• The DA had a loss of 4,8% of the electorate between 2016 and 2021, and these went to ActionSA (1,8%), the FF+ (1,5%), the Patriotic Alliance (0,8%) and GOOD (0,6%).

So, where is all of this leading us?

Firstly, with regard to the ANC and the EFF: the ANC is expected to drop from its 2019 57,5%, but by how much we don’t know; the EFF is expected to gain votes, but again we do not know how many. So, to speculate: if the EFF gains 2% or so of the electorate, for the Multiparty Alliance to reach 51% it will have to gain 23,4% of the electorate, or nearly as many voters as it has today. That is, it will have to nearly double its support, almost all of which will have to come from the ANC, which will have to shed over 20% of the electorate. Anyone who thinks that this will happen should have a room booked at Valkenberg.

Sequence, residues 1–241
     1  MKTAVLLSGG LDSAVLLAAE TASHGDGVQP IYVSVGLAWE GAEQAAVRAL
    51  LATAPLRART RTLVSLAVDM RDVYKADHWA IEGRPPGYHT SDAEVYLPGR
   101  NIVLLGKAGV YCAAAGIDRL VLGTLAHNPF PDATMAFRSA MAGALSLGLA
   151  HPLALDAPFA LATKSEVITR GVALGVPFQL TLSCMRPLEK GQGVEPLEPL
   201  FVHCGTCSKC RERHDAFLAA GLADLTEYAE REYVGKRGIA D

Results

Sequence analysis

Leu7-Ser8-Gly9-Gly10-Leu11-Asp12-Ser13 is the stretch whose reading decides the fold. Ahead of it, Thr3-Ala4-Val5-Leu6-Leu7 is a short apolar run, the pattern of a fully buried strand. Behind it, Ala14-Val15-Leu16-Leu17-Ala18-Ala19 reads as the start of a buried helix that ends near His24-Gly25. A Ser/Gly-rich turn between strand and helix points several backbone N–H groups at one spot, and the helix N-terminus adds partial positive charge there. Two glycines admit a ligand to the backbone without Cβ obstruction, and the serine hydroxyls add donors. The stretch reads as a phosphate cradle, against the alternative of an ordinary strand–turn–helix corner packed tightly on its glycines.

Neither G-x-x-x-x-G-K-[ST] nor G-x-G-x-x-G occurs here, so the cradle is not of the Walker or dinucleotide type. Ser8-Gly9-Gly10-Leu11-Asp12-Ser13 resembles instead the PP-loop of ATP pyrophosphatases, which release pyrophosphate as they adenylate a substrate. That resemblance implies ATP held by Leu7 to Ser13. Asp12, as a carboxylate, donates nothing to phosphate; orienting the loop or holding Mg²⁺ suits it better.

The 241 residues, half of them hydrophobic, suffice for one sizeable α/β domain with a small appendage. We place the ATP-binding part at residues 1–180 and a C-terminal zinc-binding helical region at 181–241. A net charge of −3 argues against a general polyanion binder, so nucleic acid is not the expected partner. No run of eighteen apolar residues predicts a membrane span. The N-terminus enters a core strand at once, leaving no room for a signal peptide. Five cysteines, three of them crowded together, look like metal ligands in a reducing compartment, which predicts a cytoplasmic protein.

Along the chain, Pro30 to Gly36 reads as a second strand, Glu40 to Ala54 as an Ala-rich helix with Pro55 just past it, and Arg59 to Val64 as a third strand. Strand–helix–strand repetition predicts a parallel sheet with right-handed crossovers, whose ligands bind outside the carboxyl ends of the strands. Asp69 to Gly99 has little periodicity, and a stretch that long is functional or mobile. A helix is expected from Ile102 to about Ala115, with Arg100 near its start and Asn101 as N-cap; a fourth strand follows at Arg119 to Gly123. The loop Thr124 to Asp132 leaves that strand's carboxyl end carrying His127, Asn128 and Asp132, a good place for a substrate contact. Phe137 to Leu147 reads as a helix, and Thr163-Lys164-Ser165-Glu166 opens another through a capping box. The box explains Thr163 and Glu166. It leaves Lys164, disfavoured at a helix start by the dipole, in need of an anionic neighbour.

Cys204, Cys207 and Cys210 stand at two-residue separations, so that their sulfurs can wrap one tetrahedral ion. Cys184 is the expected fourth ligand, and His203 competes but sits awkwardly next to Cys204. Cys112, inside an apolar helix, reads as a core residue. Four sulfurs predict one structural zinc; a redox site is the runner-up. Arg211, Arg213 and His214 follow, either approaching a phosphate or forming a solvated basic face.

Secondly, the DA: as we have noted, the DA lost support in 2021, almost all of which went to its Moonshot partners. And there is no suggestion that this bleeding has been staunched. ActionSA and the Patriotic Alliance have new-found energy and are clearly making inroads. The FF+ is quietly building its Afrikaner support base. And the ANC, in the 2021 election, started to take back the black voters that they had lent to the DA in 2016 – that process will continue.

In summary, there is a 0% to 1% chance of the DA pulling together, in a coherent way, its seven alliance partners, and the eight and 34 non-aligned parties from 2019, to make a 49-party coalition – which coalition will then have to nearly double its present vote to unseat the ANC. Secondly, there is a real possibility that the ANC will fall short of 51% in 2024. Plainly, its prospects of pulling together a 51% coalition are greater than the DA’s.